Happy solstice! We continue our discussion of the Establishment Clause by asking your thoughts on the most significant unaddressed issues in Establishment Clause jurisprudence.  The Court’s cases have focused on a relatively narrow array of subjects, including public displays, school prayer, and standing.  But what cases aren’t being brought that perhaps should be?  Are there any elephants in this room?

Meanwhile, our three other discussion threads, about the Supreme Court’s Christmas party, the Court’s recent cases, the future of the Lemon test, continue.  A great comment from yesterday’s discussion is below the jump.

Bradley Smith –

In discussing the future of the Lemon test, it seems prudent to look at the criticisms and see if they offer any viable alternatives. Justice Scalia seems to be one of the most vocal proponents of a new Establishment Clause test. Speaking at UVa, he advocated the use of tradition, instead of a “mechanical application of the Lemon test” (http://www.law.virginia.edu/html/news/2008_spr/scalia_story.htm).

While an interesting thought experiment, it seems impractical to use tradition as a guide. At one point or another, religious tradition has advocated numerous acts that by modern standards are abhorrent, and should certainly be legally forbidden (killing non-believers, the inferior role of women, etc.). Even the use of a less absurd religious notion such as funding for private schools, tradition does not seem a solid legal argument. The mere fact that a group has traditionally enjoyed something does not mean they are entitled to it indefinitely. As society changes, so do traditions, and whether these changes are formal or informal, using something as ephemeral as tradition is a legal landmine.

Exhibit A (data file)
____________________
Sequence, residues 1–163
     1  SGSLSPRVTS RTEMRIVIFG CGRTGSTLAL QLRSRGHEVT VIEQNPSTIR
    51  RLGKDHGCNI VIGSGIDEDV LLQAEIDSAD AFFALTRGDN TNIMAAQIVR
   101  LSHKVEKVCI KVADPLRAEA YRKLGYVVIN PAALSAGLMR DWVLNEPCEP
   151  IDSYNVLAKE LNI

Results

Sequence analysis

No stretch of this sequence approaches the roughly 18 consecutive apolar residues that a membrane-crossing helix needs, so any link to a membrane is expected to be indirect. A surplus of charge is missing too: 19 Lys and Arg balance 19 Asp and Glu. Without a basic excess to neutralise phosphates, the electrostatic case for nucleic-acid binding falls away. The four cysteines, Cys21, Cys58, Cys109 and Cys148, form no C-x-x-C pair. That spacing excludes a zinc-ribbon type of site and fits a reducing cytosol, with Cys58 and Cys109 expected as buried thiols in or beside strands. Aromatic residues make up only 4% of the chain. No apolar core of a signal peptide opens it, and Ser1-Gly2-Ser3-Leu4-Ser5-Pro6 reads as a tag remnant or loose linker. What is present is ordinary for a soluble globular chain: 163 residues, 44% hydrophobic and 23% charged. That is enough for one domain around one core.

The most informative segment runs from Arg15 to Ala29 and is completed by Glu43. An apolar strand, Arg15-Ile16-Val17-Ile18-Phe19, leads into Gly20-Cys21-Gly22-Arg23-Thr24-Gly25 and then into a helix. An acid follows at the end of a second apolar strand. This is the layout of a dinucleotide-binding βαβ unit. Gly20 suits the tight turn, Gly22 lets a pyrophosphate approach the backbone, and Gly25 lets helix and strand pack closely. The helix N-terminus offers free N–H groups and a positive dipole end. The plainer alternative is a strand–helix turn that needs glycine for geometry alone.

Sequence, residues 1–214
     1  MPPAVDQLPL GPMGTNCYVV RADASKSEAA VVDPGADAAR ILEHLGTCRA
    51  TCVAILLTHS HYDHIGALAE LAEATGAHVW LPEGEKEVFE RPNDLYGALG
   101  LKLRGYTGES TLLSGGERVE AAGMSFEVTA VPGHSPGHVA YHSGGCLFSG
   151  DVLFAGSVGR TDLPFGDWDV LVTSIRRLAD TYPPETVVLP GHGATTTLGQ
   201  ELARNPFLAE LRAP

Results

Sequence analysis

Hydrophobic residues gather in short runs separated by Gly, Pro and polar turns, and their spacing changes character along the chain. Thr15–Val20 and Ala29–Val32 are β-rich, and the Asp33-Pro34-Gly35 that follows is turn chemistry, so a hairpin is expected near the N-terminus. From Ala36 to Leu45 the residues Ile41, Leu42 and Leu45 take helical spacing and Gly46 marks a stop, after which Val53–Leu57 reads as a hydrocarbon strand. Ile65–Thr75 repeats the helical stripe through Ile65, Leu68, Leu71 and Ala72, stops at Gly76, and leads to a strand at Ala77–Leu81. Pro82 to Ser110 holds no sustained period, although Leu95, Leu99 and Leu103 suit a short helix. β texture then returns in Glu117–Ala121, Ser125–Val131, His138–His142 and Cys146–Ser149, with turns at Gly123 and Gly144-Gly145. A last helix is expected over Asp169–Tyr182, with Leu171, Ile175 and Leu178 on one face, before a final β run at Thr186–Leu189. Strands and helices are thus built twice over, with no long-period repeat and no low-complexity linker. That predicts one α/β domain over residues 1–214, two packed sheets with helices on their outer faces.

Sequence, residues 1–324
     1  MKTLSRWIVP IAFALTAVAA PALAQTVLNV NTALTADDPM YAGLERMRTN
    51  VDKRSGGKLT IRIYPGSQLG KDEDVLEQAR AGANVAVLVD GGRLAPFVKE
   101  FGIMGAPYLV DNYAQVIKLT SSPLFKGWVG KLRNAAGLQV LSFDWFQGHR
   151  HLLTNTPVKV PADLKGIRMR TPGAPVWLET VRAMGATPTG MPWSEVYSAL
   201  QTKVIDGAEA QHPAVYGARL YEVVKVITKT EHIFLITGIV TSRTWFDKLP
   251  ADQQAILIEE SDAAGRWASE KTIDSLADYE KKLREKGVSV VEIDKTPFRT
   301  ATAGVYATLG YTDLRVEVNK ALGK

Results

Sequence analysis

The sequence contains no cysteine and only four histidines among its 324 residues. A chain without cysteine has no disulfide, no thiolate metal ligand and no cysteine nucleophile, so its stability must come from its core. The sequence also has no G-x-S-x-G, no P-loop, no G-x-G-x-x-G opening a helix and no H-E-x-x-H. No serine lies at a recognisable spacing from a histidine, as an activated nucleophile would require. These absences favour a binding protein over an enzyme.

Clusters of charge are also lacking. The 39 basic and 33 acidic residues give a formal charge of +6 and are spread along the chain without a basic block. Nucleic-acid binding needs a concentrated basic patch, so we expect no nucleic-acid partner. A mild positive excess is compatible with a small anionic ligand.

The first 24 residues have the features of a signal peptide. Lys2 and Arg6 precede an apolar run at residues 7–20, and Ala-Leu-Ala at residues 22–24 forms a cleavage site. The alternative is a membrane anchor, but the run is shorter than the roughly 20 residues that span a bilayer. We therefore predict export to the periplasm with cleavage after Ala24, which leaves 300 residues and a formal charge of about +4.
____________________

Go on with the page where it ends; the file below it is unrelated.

This is not to say that Justice Scalia (and others) do not have valid criticisms of Lemon. As the Justice says in Lamb’s Chapel, the test is often ignored completely, or used merely as guidelines instead of binding precedent. However, the desirability of the test is unquestionable. It provides a nice middle road by allowing secular interference in religion while preventing discrimination. The test allows for religious tradition and beliefs to exist and thrive, while also allowing legislators some reign to control behavior that may be publicly harmful (Church of Lukumi Babalu Aye v. Hialeah compared to Employment Division of Oregon v. Smith).

While the Lemon test may need clarification or modification, it seems unlikely to be completely abandoned in the near future. As recently as 2005, the Court has noted that the Lemon test serves an important function, while not always being completely dispositive in and of itself (McCreary County v. ACLU of Kentucky).

Posted in Community

Recommended Citation: Tejinder Singh, Today in the Community: December 22, 2011, SCOTUSblog (Dec. 22, 2011, 10:51 AM), http://www.scotusblog.com/2011/12/today-in-the-community-december-22/